Sen. John McCain (R-Ariz.), who spoke to The Hill Monday evening, denied Sarah Palin’s allegation that his campaign stuck her with a $50,000 legal bill to pay for the cost of vetting her as a potential vice presidential candidate.
McCain said the bill was for legal work related to allegations that Palin made improper use of her influence as Alaska’s governor to press for the dismissal of a state trooper named Mike Wooten. Wooten was embroiled in a custody dispute with Palin’s younger sister, Molly McCann.
“That was addressed by Trevor Potter,” said McCain, “That was over the Troopergate.”
In a statement to the Associated Press, Potter, McCain’s general counsel, denied that McCain’s campaign billed Palin for vetting her.
“To my knowledge, the campaign never billed Gov. Palin for any legal expenses related to her vetting and I am not aware of her ever asking the campaign to pay legal expenses that her own lawyers incurred for the vetting process,” he said.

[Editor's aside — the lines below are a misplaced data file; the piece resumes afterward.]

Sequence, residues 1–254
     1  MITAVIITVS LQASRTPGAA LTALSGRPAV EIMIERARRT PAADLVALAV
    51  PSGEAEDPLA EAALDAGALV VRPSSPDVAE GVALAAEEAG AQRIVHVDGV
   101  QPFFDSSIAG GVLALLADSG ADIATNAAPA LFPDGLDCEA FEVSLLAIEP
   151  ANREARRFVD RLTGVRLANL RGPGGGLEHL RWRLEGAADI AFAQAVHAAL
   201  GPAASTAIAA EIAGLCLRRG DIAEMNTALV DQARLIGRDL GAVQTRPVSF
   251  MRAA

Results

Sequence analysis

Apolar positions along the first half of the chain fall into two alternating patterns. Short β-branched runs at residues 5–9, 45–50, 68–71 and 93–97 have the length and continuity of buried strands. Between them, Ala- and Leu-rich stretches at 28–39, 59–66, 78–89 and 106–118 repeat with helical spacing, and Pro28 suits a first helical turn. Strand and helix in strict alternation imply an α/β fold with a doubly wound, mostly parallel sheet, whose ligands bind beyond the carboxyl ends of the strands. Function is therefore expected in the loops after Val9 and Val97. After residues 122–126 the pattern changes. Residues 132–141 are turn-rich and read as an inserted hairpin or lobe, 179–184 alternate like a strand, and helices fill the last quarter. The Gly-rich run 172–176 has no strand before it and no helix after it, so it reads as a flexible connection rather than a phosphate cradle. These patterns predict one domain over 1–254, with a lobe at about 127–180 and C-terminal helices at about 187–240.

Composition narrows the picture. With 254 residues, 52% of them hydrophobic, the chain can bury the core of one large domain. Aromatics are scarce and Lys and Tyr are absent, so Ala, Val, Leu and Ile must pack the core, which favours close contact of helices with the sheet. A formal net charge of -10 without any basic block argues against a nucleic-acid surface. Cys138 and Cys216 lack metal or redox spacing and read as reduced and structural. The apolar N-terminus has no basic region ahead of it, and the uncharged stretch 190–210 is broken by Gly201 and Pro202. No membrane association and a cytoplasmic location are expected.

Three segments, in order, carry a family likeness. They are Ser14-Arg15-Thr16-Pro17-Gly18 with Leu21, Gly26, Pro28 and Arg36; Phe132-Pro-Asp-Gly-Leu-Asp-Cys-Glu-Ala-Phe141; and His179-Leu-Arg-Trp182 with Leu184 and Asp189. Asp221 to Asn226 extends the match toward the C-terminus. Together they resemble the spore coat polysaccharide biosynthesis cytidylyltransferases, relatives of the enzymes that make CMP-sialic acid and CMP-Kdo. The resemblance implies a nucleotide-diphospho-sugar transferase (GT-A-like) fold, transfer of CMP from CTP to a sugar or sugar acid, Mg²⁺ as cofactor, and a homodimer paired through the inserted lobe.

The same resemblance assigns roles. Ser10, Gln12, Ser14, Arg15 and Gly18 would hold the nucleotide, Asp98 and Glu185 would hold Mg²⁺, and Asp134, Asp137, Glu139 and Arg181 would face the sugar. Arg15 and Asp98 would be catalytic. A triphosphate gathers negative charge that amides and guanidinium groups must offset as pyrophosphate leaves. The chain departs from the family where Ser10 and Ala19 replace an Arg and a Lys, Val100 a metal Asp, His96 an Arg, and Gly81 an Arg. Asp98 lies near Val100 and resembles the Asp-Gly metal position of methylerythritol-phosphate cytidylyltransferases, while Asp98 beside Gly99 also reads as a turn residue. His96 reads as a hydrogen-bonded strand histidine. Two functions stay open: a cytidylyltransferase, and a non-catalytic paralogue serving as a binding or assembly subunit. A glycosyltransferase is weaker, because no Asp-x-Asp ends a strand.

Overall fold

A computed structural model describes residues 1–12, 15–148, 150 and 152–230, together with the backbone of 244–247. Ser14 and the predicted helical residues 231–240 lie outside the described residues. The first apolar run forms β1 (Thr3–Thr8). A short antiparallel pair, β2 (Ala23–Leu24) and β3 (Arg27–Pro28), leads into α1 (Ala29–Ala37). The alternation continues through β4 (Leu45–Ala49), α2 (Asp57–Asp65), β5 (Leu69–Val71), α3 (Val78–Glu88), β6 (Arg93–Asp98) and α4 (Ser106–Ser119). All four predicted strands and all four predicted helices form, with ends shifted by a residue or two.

Palin made the charge in her new book, “Going Rogue: An American Life,” which listed a litany of complaints Palin had with McCain’s campaign, such as its decision to limit her access to reporters. Palin also questioned how the campaign handled the announcement of her daughter’s out-of-wedlock pregnancy.
McCain told The Hill that he nevertheless enjoyed Palin’s book.
“I hope she sells lots of them,” he said.
Palin received a $5 million advance from HarperCollins, according to the New York Times.